I arrived back at Parkstone Quay at about 3.00pm and on our way back out to the ship, I got in touch with Ed Stewart to let him know what I was bringing and that the tender should be alongside the Galaxy at approximately 4.30pm. I told Ed to start trailing the fact that we would broadcast the Sgt Pepper album as a Big L exclusive at around 5.00pm and the rest is history. It was a long day, but what a coup! Everybody on the ship was over the moon."

Everyone from the DJs and personnel aboard the ship and the management ashore, to the listening public, held their collective breath.

A sponsored segment called 'It’s All Happening' that went out every Friday between 1700 and 1800 as a 'What's on in London' guide for trendy youngsters. It was during this part of the show that Stewpot introduced Sgt Pepper's Lonely Hearts Club Band, no doubt to the delight of the sponsors. Naturally, everyone aboard the Galaxy had gathered round to listen. The sounds of Sgt Pepper's had such a profound effect on John Peel that he burst into tears, so Ed took pity
on him and allowed Peelie to take over the programme. The album did not merely get one airing. Everyone on the station was so bowled over by it that it was played in full several times that evening.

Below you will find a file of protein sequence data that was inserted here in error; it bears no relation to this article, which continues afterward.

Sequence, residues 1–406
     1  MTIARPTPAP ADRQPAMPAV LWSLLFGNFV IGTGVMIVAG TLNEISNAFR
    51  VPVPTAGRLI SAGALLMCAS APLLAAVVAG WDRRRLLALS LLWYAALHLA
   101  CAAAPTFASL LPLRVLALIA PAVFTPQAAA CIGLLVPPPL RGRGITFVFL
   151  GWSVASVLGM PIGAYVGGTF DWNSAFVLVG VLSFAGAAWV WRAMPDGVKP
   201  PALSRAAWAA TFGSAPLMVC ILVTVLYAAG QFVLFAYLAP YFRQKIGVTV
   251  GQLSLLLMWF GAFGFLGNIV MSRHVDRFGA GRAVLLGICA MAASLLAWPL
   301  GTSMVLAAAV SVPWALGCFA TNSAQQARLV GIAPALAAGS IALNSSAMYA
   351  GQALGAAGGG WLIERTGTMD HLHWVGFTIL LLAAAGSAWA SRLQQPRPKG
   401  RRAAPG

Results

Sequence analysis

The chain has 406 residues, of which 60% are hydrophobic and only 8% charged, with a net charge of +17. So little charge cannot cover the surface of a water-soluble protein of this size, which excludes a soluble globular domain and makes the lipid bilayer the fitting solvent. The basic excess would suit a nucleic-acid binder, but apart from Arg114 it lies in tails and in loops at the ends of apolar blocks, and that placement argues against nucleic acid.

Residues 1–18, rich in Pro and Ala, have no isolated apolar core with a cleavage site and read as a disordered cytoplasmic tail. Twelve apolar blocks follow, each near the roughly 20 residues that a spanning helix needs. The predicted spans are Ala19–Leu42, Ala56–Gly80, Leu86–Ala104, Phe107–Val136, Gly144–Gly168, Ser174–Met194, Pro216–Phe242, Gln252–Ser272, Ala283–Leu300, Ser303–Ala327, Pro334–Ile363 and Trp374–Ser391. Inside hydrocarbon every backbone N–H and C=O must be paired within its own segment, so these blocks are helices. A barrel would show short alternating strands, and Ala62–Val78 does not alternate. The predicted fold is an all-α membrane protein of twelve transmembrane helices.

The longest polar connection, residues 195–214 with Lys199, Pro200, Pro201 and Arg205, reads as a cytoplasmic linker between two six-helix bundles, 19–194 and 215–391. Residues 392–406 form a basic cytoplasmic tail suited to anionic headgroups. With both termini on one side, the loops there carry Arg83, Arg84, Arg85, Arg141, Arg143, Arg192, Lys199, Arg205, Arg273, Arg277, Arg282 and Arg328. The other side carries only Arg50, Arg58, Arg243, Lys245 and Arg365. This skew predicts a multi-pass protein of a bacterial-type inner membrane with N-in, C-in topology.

Stephen Chesney pointed out that one aspect of the above story puzzled him. By May 12th, Stewpot no longer held the 3 - 6 slot having moved permanently to 12 - 3.

Alan Field says: "The dj shifts changed immediately after Kenny Everett left Radio London on 21st March 1967, and Ed was six or seven weeks into his new lunchtime gig by 12th May. I'm sure he wouldn't normally be brought back at 5pm on a Friday to present 'It's All Happening', but this was no ordinary occasion.

As senior dj, the honour of unveiling the Sgt Pepper album naturally fell to Stewpot. I think that, having an idea of the mission Richard had been sent on, Ed may have swapped shifts in advance to come on air at 3pm that day. If he did in fact do his regular lunchtime show, then on receiving Richard's call from the tender, Ed must have either stayed on air after 3 o'clock, or returned to the studio some time before 5pm. That would tie in with reports of Ed trailing the Sgt Pepper feature on air, which he wouldn't have done until after Richard's call.

I guess we'll never know for sure, but it's fun remembering the occasion and trying to work out the timeline 50 years on."
Hans Knot's recording
of the moment Stewpot announced the album's arrival.

Richard Swainson alleged that although Sgt Pepper's was aired with the Big L PAMS jingles played over the tracks to prevent any further bootlegging by rivals, the Caroline DJs were so keen to get their hands on it that they recorded it off air and played it to their own audience, Radio London jingles and all!